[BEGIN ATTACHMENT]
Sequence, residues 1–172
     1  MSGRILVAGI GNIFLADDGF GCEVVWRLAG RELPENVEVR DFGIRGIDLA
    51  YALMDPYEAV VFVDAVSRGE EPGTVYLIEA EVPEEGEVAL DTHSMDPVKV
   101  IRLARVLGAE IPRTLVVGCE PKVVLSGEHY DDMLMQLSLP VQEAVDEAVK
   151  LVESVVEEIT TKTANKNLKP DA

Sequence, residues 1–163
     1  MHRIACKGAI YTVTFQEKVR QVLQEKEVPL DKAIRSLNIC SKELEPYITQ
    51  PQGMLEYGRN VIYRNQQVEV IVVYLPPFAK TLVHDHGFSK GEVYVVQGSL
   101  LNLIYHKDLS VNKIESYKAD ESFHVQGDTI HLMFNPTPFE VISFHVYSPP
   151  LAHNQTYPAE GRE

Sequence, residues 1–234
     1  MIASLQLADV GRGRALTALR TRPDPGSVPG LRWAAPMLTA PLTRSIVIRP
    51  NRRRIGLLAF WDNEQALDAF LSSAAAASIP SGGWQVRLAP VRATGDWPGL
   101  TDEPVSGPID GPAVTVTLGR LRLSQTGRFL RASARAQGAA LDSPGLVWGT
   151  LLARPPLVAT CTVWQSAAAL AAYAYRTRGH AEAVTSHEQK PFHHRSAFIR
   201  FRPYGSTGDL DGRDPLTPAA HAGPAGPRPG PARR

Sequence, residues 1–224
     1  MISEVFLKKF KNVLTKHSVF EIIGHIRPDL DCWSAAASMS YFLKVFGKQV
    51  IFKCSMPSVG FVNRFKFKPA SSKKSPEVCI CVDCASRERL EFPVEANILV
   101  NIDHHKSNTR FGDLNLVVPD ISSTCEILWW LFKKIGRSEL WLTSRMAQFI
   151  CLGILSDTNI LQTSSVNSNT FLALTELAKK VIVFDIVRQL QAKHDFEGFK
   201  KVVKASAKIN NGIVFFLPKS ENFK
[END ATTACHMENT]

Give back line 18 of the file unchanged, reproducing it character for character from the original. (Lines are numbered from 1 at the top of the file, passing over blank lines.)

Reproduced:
     1  MISEVFLKKF KNVLTKHSVF EIIGHIRPDL DCWSAAASMS YFLKVFGKQV